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Digital Subscriptions > Doctor Who Magazine > 506 > THE ART OF THE DIRECTOR PART 2

THE ART OF THE DIRECTOR PART 2

In the second part of our in-depth feature on the directors of Doctor Who, we continue our extensive chat with four of the class of 2015...

No-one ever said that directing Doctor Who is easy. In 1995, Peter Capaldi won an Oscar – for Best Live-Action Short Film – for Franz Kafka’s It’s a Wonderful Life, which he wrote and directed. But when I asked him last year if he’d ever want to direct an episode of Doctor Who: “I don’t have the skills,” Peter admitted. Chatting on the TARDIS set – at the BBC’s Roath Lock studios in Cardiff, the show’s headquarters since 2012 – the Oscar-winner told me, “I enjoy directing, and I probably will do more, but these guys [Doctor Who’s current crop of directors]… they’re so professional, they’re all up-to-theminute, they know how everything on Doctor Who works. Anyway, I want to be in it! I’d have to find… well, it takes two months to prep an episode, then a month-and-a-half to cut it. I don’t have that time. No, I’m having too much fun being Doctor Who. I’d have to not be in it, and I couldn’t bear that.”

Another Oscar-winning director and self-confessed “huge Doctor Who fan”, Peter Jackson (The Lord of theRings, King Kong, The Hobbit, et al), admitted last year that, as much as he’d love to direct a Doctor Who, the show’s tight turnaround – just two weeks’ shooting per episode – is a daunting prospect. “Well, I mean, look, six months, sure, we can talk about that,” said Jackson. “Four months, five months… I mean, all that’s just something you talk about, isn’t it?” But a fortnight? In Cardiff? No chance.

Last issue, four of the 2015 series’ directors – who did brave TV’s toughest gig, and triumphed – talked us through what it takes: from the all-important pre-production process, to working with actors, monsters, VFX, “the heightened and fantastical”, tight budgets, crashing spaceships, and more. “The pressure to deliver something special on this show was greater than I’d ever felt on any show in the past,” said one of the four, Daniel Nettheim. “I didn’t want to be the director who stuffed it up.” In the concluding part of this in-depth DWM feature, the ‘class of 2015’ considers flying saucers, flashy camera moves, Zygon duplicates, the Fisher King, Brian Blessed, last-minute crises, sheer exhaustion, and inspiring the next generation of directors…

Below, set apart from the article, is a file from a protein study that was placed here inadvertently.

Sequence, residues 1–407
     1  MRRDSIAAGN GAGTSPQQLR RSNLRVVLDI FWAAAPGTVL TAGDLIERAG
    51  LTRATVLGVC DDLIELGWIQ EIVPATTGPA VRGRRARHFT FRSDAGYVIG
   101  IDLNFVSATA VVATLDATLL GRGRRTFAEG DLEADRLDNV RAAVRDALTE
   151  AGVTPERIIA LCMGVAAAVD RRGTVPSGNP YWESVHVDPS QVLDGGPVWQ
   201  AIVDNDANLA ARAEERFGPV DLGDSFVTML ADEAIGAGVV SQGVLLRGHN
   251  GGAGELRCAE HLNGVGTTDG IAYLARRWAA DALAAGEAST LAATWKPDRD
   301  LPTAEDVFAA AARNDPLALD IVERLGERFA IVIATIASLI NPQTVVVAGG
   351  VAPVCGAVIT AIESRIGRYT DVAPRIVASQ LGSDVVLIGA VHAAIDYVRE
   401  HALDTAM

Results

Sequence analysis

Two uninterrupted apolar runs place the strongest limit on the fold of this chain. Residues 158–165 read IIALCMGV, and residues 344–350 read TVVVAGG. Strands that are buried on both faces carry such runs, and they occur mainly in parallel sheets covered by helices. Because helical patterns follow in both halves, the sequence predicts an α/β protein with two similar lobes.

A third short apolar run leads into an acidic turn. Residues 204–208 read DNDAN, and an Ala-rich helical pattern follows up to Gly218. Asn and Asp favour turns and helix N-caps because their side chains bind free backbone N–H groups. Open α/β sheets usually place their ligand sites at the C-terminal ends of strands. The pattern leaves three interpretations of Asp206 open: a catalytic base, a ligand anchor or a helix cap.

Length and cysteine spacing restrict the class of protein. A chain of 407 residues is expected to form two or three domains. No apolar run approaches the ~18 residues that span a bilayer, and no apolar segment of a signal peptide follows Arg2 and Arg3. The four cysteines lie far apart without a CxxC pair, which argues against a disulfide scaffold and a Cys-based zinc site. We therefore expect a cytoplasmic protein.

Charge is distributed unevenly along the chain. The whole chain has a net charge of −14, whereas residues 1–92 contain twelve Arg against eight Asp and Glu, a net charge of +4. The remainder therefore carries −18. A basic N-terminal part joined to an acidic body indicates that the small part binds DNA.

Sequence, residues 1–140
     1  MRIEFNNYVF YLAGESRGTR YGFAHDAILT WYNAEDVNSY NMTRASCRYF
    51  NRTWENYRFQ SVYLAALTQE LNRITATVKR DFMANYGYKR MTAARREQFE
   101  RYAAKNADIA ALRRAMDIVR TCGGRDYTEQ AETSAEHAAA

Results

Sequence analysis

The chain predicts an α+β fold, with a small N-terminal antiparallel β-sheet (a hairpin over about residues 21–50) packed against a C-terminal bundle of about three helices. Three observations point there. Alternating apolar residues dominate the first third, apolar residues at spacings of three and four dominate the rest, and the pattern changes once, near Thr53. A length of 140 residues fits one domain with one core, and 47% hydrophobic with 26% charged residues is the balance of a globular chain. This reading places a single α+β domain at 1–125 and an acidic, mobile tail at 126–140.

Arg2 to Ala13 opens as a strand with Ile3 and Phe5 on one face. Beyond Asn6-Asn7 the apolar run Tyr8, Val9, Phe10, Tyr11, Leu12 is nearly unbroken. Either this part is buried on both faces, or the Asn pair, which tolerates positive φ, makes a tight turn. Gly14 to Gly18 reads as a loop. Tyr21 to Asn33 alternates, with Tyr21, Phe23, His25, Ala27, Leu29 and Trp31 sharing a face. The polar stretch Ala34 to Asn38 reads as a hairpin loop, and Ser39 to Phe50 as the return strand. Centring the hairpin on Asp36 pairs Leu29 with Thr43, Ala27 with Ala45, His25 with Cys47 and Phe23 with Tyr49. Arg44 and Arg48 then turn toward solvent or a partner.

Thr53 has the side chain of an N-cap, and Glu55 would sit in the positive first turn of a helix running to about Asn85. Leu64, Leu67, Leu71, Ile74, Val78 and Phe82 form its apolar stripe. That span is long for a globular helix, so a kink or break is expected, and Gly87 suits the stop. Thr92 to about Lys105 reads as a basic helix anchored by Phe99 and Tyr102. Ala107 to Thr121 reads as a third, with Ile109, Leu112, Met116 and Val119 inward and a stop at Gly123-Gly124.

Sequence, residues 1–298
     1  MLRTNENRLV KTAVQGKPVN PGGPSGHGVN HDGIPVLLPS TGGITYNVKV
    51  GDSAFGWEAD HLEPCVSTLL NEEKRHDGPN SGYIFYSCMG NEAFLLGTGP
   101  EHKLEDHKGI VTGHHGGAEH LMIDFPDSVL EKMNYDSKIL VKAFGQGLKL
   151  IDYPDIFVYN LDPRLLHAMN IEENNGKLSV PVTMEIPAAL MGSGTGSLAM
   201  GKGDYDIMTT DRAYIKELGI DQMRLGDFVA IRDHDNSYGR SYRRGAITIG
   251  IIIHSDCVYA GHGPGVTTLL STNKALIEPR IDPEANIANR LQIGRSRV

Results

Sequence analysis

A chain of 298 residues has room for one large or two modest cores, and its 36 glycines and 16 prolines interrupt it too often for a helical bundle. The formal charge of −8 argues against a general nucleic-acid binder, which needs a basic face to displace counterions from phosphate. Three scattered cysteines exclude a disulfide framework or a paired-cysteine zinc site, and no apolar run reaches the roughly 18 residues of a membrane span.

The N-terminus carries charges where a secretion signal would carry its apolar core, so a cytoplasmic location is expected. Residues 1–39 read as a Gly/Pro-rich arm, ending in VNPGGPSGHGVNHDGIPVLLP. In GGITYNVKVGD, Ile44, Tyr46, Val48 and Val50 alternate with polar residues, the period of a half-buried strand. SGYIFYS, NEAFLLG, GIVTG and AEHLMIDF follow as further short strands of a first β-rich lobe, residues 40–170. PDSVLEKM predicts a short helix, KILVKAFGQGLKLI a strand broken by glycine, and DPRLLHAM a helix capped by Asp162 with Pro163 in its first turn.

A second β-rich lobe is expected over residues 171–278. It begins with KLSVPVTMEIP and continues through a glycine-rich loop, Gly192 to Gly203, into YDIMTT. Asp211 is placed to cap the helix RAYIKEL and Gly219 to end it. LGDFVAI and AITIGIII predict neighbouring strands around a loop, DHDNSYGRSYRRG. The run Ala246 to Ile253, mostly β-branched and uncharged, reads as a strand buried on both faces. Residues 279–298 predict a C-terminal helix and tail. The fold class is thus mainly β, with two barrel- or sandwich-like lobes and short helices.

◾ DANIEL O’HARA

Director of: 2015’s Under the Lake/Before the Flood (written by Toby Whithouse)

◾ ED BAZALGETTE

Director of: 2015’s The Doctor’s Meditation mini-episode (written by Steven Moffat), The Girl Who Died (by Jamie Mathieson and Steven Moffat), and The Woman Who Lived (by Catherine Tregenna); also, in 2016, the first three episodes of BBC Three spin-off Class, scripted by Patrick Ness, and the upcoming, Moffat-penned Doctor Who Christmas Special, The Return of Doctor Mysterio

◾ DANIEL NETTHEIM

Director of: 2015’s The Zygon Invasion/The Zygon Inversion (written by Peter Harness and Steven Moffat)

◾ DOUGLAS MACKINNON

◾Director of: 2015’s The Husbands of River Song (written by Steven Moffat); previously 2008’s The Sontaran Stratagem/The Poison Sky (by Helen Raynor), 2012’s The Power of Three by Chris Chibnall), 2013’s Cold War (by Mark Gatiss), 2014’s Listen (by Steven Moffat), Time Heist (by Steve Thompson and Steven Moffat), and Flatline (by Jamie Mathieson)

Let’s talk tone. The literal gloom of The Woman Who Lived – shooting the first 19, 20 minutes in semi-darkness – is unusual for Doctor Who

ED BAZALGETTE: “Well, thematically, there was a feeling in Catherine Tregenna’s script that Me was trapped in this eternal midnight. The story – and our interpretation of it – was inspired by the Margaret Lockwood film, the Gainsborough film, where she plays a highwaywoman [The Wicked Lady, 1945], but I wanted it to feel very, very real. The power in the idea that ‘here is a woman who lives forever’ was really important to me. That has a real darkness to it.”

Much of The Woman Who Lived is essentially a two-hander between Peter Capaldi and Maisie Williams [who played Me, née Ashildr]. The darkness gives that a real intimacy, I think; the equivalent, almost, of black-box theatre [a simple, unadorned performance space].

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About Doctor Who Magazine

DWM 506 celebrate 50 Years of the Second Doctor, as played by Patrick Troughton. Contents include: behind the scenes on the new animated version of The Power of the Daleks; the Second Doctor's era is explored in a feature by Jonathan Morris; 1968's Fury from the Deep is reviewed; showrunner Steven Moffat answers readers' questions; a biography of Peter Brachacki, the man who designed the TARDIS back in 1963; The Fact of Fiction looks back at 2005's The End of the World; directors Ed Bazalgette, Douglas Mackinnon, Daniel O'Hara and Daniel Nettheim reveal more secrets of their work on Doctor Who in the second part of DWM's exclusive interviews; Comic Strip - Bloodsport Part 2, written by Mark Wright and illustrated by Staz Johnson; The Time Team watch 2010's The Pandorica Opens/The Big Bang; plus reviews, previews, prize-winning competitions, the latest official news, fun and nonsense with the Watcher and much, much more.
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